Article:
The BOA Program funds a range of flexible predevelopment activities necessary to attract public and private capital investment to brownfield, vacant or abandoned properties. The BOA approach can reverse the cycle of disinvestment and decay to create livable neighborhoods and functional communities by attracting new uses such as: housing and retail, commercial, business incubators and manufacturing, supporting infrastructure, and public amenities such as parks or recreation facilities.
The range of activities and techniques the program offers, that are partially listed here, begin with community visioning and end with a strategy for redevelopment and revitalization:
Community visioning to establish a blueprint for revitalization including redevelopment and environmental quality improvement objectives.
Public participation to ensure community involvement in the process and support for revitalization and redevelopment projects.
Existing conditions analysis including land use, zoning, ownership, infrastructure, natural features, and an assessment of assets and opportunities.
Infrastructure studies including traffic and transportation, parking, water and sewer, utility and relocation studies.
Site inventory of abandoned, vacant or brownfield sites available for redevelopment.
Market trends analysis to identify an economic niche and the range of realistic new uses and businesses for sites.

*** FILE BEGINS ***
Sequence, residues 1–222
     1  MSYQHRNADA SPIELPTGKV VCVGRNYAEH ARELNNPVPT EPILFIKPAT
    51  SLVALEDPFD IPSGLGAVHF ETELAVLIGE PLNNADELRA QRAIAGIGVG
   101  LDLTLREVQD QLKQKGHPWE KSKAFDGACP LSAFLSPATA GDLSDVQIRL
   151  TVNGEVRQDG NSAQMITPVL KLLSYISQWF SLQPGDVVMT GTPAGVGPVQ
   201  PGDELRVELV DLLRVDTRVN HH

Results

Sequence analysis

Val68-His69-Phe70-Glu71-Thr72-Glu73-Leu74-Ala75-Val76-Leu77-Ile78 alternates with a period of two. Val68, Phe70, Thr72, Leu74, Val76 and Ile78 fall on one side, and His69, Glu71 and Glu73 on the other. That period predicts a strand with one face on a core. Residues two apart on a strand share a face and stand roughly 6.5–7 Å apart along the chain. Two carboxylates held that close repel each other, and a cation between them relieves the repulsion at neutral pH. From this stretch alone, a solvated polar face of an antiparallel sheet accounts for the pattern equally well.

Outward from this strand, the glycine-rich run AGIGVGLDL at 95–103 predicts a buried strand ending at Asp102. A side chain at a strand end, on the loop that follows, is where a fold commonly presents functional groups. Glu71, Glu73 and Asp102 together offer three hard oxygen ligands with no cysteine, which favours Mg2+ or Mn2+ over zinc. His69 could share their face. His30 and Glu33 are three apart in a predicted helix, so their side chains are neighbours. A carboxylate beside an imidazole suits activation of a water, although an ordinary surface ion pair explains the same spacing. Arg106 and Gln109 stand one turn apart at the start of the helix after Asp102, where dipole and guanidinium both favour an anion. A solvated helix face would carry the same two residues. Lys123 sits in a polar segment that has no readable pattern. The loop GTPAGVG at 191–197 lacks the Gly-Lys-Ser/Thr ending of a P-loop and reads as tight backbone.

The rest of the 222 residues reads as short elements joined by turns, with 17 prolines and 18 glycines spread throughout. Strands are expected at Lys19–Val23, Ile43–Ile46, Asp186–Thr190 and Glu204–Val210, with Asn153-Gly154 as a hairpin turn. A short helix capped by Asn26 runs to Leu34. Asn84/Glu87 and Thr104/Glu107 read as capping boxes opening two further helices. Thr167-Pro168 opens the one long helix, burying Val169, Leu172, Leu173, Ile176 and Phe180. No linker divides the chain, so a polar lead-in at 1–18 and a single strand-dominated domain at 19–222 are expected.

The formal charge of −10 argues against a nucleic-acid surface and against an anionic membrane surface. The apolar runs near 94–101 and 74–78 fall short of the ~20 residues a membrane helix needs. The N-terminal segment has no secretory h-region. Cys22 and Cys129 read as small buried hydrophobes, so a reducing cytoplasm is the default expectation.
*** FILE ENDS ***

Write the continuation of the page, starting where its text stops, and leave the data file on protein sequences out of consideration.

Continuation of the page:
Identification of strategic sites that are the most promising redevelopment opportunities to spur revitalization.
Acquisition due diligence including property appraisal, title work, surveys, and phase I environmental and archeology assessments.
Environmental site assessments (phase II) at strategic brownfield sites (municipally-owned sites and sites owned by a volunteer who is not responsible for the contamination) may be eligible.
Site specific demand and feasibility analysis to understand the demand for specific uses, the magnitude of costs, benefits and overall project feasibility.
Conceptual designs and cost estimates to illustrate positive design elements and how strategic sites will appear when redeveloped.
Convene interests to foster development by enlisting a neutral, objective consultant to work as a liaison on behalf of the grantee, private landowner, and development interests to explore project feasibility and reuse alternatives.
Portfolio of sites available for development with a description of site conditions and preferred uses.
SEQR activities that may include the preparation of a generic environmental impact statement to accelerate the redevelopment time-frame.
Local zoning revisions and other local laws to ensure the desired end uses identified in the BOA plan are permissible.
Design standards and guidelines for buildings and streetscapes to ensure quality future development.
Site marketing through project renderings, brochures, web applications, the preparation and issuance of requests for proposals for specific development projects, and other means.